|Place||North & Central America: United States of America|
|Place made||United States of America|
|Date made||c 1945|
Second World War, 1939-1945
United States Medal of Freedom with Bronze Palm : Air Commodore A H Cobby, RAAF
United States Medal of Freedom. Unnamed as issued.
The medal is a bronze disc with the obverse featuring the head and headdress of Freedom, (from the statue above the dome of the Capitol in Washington) with the word 'FREEDOM' below. On the reverse is the Liberty Bell, encircled by the words 'UNITED STATES OF AMERICA'. The ribbon is red with four narrow white stripes in the centre. The Bronze Palm originally issued with the medal is no longer present.
The Medal of Freedom was produced in 1945 as an award for non-members of the United States Armed Forces who had performed meritorious deeds aiding the United States of America in the prosecution of the war.
Air Commodore Arthur Henry 'Harry' Cobby was born in Prahran, Victoria on 26 August 1894 and was a bank clerk on enlistment in the AIF on 23 December 1916. Cobby applied for, and received, a commission as a second lieutenant in the Australian Flying Corps (AFC), which was part of the AIF at the time. He had previously gained a commission as a second lieutenant in the militia, when he served with the 46th Infantry Battalion (Brighton Rifles) on 1 May 1914, before transferring to the 47th Infantry Battalion on 1 July 1915. Cobby embarked from Melbourne, Victoria, with 'A' Flight, 4 Squadron for England on 17 January 1917 aboard RMS Omrah.
Arriving at Plymouth on 27 March, Cobby was sent to Castle Bromwich for training. After learning to fly Sopwith Camels he arrived in France with 4 Squadron on 18 December. He shot down his first enemy aircraft on 3 February 1918 and by September had shot down 29 aircraft and 13 balloons becoming the highest scoring ace in the Australian Flying Corps. By the end of the war Cobby had been awarded the DSO and DFC with two bars, as well as being mentioned in despatches. Returning to England as an instructor Cobby was still trying to rejoin a combat unit when the war ended. He led the AFC fly-past over London on ANZAC Day 1919 before returning to Australia the following month. He was discharged from the AIF on 24 July.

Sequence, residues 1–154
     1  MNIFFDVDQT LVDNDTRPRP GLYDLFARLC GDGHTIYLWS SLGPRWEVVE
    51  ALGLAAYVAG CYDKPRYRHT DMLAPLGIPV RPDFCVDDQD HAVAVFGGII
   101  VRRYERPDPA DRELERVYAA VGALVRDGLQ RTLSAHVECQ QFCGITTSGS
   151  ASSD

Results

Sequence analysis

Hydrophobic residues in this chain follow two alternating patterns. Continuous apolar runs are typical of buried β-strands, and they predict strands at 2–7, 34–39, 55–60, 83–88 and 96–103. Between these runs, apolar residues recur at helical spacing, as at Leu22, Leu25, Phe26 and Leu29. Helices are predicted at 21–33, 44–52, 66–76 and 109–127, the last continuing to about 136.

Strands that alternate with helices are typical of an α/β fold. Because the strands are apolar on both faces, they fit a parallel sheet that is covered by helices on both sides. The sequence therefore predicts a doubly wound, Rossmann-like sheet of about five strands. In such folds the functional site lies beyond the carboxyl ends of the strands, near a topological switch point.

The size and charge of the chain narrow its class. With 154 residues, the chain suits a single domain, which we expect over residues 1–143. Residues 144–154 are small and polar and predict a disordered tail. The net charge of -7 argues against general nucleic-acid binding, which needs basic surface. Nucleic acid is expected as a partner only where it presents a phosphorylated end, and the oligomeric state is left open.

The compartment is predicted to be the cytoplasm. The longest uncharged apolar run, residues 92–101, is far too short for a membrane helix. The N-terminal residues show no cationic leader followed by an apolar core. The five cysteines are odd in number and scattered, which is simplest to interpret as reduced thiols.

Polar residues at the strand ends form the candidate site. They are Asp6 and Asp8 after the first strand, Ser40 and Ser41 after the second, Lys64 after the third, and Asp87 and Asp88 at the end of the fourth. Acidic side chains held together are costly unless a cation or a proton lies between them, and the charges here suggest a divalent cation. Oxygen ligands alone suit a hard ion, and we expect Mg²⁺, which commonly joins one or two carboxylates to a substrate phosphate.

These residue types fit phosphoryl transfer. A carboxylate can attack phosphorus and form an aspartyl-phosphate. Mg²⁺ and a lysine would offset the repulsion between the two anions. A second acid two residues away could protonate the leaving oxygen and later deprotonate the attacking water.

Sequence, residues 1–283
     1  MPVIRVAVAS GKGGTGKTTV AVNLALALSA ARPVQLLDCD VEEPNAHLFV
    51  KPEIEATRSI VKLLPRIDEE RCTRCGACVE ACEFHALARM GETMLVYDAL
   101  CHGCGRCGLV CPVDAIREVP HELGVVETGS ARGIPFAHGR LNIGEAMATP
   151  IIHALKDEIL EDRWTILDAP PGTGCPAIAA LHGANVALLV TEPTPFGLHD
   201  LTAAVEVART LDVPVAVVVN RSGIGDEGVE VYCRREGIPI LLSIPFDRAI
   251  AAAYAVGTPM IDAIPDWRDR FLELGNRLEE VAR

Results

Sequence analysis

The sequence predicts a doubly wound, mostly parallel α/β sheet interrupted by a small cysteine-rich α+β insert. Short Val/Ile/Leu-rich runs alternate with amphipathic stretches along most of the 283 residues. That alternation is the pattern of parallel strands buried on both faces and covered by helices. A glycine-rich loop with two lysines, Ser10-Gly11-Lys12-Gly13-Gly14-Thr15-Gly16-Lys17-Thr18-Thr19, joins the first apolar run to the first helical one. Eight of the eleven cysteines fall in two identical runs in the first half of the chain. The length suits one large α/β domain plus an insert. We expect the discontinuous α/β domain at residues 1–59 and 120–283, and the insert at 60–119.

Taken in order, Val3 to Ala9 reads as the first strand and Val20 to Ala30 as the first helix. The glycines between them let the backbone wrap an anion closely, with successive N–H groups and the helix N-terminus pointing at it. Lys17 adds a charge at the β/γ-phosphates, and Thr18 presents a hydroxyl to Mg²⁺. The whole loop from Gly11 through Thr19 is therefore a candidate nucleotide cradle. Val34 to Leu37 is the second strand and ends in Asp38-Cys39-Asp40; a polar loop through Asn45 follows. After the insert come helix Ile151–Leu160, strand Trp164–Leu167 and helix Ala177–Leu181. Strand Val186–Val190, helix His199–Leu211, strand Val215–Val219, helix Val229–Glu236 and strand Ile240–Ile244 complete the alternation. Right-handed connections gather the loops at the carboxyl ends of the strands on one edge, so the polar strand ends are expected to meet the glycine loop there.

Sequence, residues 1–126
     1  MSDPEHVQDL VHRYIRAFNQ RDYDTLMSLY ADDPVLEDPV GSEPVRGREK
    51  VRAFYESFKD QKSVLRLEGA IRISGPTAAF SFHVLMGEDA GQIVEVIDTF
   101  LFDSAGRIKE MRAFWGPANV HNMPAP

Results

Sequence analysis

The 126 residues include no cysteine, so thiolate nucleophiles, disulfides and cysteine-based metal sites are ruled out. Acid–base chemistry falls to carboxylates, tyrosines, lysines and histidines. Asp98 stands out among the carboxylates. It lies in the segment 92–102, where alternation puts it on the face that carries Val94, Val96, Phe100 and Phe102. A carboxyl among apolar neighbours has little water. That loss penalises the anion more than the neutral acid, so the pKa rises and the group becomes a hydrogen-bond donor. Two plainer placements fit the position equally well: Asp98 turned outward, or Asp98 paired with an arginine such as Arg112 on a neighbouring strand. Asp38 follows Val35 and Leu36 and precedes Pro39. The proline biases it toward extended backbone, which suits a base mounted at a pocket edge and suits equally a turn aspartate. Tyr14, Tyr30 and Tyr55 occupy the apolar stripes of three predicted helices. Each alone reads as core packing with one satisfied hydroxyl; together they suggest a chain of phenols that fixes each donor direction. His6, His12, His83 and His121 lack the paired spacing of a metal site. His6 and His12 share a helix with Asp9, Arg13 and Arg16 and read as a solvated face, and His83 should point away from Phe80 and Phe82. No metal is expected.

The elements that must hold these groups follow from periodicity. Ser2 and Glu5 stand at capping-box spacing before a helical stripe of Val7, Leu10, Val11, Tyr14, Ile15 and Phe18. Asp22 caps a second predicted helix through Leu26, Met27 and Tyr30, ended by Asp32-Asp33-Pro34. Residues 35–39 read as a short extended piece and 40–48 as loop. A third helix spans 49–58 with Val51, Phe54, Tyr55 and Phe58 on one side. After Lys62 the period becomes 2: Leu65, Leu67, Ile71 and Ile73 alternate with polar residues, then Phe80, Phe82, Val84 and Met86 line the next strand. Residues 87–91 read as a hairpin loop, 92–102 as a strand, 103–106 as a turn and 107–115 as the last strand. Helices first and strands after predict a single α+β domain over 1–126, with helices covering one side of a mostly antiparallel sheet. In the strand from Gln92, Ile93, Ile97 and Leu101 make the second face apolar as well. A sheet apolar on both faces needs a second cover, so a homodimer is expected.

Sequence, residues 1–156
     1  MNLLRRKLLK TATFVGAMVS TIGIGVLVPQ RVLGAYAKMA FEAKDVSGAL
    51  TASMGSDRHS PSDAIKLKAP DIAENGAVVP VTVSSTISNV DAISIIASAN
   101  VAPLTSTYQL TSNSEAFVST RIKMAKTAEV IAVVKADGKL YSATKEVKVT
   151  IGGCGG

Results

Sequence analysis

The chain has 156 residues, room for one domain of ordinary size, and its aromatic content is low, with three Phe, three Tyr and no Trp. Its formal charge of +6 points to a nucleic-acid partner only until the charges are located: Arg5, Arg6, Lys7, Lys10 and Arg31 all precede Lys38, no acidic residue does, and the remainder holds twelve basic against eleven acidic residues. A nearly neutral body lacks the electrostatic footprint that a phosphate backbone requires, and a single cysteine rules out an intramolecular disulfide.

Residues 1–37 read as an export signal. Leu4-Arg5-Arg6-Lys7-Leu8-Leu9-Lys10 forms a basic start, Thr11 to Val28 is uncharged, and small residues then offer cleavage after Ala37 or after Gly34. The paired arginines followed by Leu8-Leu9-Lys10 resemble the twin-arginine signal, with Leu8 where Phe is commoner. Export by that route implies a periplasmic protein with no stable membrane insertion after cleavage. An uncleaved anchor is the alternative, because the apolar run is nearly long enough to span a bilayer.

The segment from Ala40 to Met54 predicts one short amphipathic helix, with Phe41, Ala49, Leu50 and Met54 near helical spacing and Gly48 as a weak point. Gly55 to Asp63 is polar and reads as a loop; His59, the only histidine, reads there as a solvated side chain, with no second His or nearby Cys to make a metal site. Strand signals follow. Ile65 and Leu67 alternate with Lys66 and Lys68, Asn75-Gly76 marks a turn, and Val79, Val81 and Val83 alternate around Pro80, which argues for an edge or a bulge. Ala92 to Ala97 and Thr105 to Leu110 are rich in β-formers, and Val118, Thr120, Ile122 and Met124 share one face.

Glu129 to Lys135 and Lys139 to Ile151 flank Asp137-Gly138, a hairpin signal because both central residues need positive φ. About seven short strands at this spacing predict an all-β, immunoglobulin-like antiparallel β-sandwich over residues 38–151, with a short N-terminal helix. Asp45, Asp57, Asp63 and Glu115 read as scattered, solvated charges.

On 31 March 1921, Cobby became a foundation member of the newly formed Australian Air Force. He was promoted wing commander on 1 May 1933 but left the RAAF on 6 May 1935 and became a member of the Civil Aviation Board and its controller of operations in March 1936.
On the outbreak of the Second World War Cobby rejoined the RAAF and was promoted firstly to group captain then to air commodore. He served in a number of capacities including Director of Recruiting, Air Officer Commanding Headquarters North-Eastern Area, Commandant RAAF Staff School, Air Officer Commanding 10 Operational Group and of the 1st Tactical Air Force. In March 1944 he was awarded the George Medal for his outstanding bravery in rescuing survivors of an air crash in which he had been involved as a passenger.
In April 1945 as Air Officer Commanding, 1st Tactical Air Force on Morotai, Cobby was presented with the resignations of several high ranking personnel who were annoyed at flying dangerous operations against what they considered 'senseless unimportant ground targets'. Known as the 'Morotai Mutiny', the episode resulted in Cobby being relieved of his command on 10 May.
On 30 November he was awarded the Commander of the Order of the British Empire by the Governor General at Government House, Melbourne. On 28 May 1948 Cobby was presented with the United States of America Medal of Freedom with bronze palm, for meritorious wartime service. Post war, Cobby resumed his career in civil aviation and was appointed regional director, New South Wales, before becoming director of flying operations. He died suddenly on 11 November 1955 in Heidelberg Repatriation General Hospital and was accorded full military honours at St Mary's Church of England, Caulfield.